There is government and EU pressure to increase the use of biofuels both in the UK and throughout Europe. In the USA the government is promoting the development of biofuels as the answer to their fuel problems. Over here in the UK, BP and ABF have joined forces with DuPont to build a biofuels plant at BP’s chemicals site at Saltend near Hull. The £200 million biofuels plant will help to meet the demand for greener petrol for the foreseeable future. Due to start production in 2009, the plant will produce around 420 million litres of bioethanol a year. This plant alone is expected to meet around a third of the county’s demand for bioethanol. Under the government’s Renewable Transport Fuel Obligation, at 5% of fuel sold at petrol stations by 2010 will be biofuels, so the future in biofuels is pretty much assured. There is money to be made in biofuels, so investment can only increase. Which is a good thing, right?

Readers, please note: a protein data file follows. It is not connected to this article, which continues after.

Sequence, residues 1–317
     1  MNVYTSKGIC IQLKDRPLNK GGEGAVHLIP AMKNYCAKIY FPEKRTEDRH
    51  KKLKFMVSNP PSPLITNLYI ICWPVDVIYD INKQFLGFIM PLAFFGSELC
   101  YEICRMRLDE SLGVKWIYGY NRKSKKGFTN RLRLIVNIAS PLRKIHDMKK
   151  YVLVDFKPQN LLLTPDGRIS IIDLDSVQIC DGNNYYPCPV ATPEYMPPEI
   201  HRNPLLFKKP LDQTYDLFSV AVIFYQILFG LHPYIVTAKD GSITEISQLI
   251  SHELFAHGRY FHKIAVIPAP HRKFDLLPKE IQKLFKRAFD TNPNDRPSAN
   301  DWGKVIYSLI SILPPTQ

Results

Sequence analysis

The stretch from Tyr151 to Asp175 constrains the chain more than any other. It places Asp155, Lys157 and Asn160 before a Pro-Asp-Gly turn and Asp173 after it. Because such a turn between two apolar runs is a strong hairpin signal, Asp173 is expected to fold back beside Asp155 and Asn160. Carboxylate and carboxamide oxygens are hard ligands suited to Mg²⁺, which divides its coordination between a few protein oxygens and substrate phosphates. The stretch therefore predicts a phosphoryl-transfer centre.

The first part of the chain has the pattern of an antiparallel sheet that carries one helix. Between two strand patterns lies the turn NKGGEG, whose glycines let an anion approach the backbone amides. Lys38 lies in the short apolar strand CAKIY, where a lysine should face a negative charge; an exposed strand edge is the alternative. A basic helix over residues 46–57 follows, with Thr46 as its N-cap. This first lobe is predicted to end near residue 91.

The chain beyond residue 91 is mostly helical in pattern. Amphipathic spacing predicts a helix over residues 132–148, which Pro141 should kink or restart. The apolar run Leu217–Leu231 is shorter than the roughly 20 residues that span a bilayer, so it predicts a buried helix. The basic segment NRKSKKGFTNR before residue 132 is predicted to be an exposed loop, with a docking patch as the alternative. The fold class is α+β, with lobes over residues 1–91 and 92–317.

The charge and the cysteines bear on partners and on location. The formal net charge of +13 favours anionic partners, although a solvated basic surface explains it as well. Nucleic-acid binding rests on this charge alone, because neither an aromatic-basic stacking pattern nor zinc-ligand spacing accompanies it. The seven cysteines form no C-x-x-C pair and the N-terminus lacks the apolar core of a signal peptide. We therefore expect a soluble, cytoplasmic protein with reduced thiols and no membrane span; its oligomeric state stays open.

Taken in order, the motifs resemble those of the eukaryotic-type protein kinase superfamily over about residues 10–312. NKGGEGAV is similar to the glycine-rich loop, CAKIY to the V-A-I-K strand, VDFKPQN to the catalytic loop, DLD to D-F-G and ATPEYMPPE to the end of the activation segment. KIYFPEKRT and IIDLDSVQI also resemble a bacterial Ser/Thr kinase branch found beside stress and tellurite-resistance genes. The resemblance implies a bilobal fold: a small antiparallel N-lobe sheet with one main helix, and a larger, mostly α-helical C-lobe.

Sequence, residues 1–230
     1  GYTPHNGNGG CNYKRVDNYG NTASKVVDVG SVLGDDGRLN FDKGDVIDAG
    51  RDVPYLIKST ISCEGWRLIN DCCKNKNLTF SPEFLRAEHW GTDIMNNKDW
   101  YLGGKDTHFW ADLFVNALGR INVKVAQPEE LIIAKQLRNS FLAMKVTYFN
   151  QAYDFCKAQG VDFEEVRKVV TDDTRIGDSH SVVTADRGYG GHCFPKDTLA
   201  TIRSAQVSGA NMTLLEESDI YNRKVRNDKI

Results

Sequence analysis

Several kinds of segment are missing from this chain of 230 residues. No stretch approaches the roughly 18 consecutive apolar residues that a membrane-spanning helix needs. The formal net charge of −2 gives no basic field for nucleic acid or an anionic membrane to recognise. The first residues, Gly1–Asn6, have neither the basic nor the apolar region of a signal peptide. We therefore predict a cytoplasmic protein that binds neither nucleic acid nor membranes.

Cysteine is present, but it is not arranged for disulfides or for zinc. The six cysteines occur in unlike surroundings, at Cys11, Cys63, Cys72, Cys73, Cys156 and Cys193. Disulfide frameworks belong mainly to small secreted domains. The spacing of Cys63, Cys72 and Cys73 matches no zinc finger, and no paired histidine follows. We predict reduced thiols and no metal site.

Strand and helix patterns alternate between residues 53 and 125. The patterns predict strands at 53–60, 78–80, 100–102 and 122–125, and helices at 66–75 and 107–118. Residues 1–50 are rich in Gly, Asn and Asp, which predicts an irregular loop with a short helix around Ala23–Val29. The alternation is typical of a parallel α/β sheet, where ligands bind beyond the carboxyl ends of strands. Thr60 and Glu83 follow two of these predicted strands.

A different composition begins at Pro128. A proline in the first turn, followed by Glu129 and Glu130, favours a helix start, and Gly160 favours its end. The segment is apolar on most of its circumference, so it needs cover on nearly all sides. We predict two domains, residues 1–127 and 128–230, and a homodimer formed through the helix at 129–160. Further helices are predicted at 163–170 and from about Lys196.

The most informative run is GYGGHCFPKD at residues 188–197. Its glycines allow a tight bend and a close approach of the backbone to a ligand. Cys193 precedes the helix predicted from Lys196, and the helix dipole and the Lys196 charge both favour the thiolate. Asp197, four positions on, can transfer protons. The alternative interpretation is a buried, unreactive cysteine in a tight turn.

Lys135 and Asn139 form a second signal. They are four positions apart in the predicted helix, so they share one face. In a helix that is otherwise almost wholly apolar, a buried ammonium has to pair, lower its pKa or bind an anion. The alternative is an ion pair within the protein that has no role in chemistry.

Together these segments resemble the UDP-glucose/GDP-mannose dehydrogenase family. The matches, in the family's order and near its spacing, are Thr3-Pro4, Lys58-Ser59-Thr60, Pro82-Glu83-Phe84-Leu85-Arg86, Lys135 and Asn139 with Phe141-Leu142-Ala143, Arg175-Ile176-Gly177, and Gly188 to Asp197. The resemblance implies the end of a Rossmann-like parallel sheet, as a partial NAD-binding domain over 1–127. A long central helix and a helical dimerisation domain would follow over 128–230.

Well, possibly yes and probably no. The problem with biofuels, is that they are made from staples like corn, wheat, palm oil and soya oil. As demand for these grows in the developed world, prices could go up, and make them less affordable to communities in third world countries that rely on these for food. Will we end up creating more starving people in the third world as we in the West buy up wheat and corn for our biofuels? The environment could suffer too, as vast areas of rainforest are burned or logged to make room for biofuel crops. Will we destroy the rainforests that reduce CO2 in the atmosphere to make ‘greener’ petrol? The biofuels market has to be regulated and monitored effectively if the benefits in CO2 reduction aren’t overshadowed by the damage to the environment and to the poorer communities around the world.
[Via The Independent]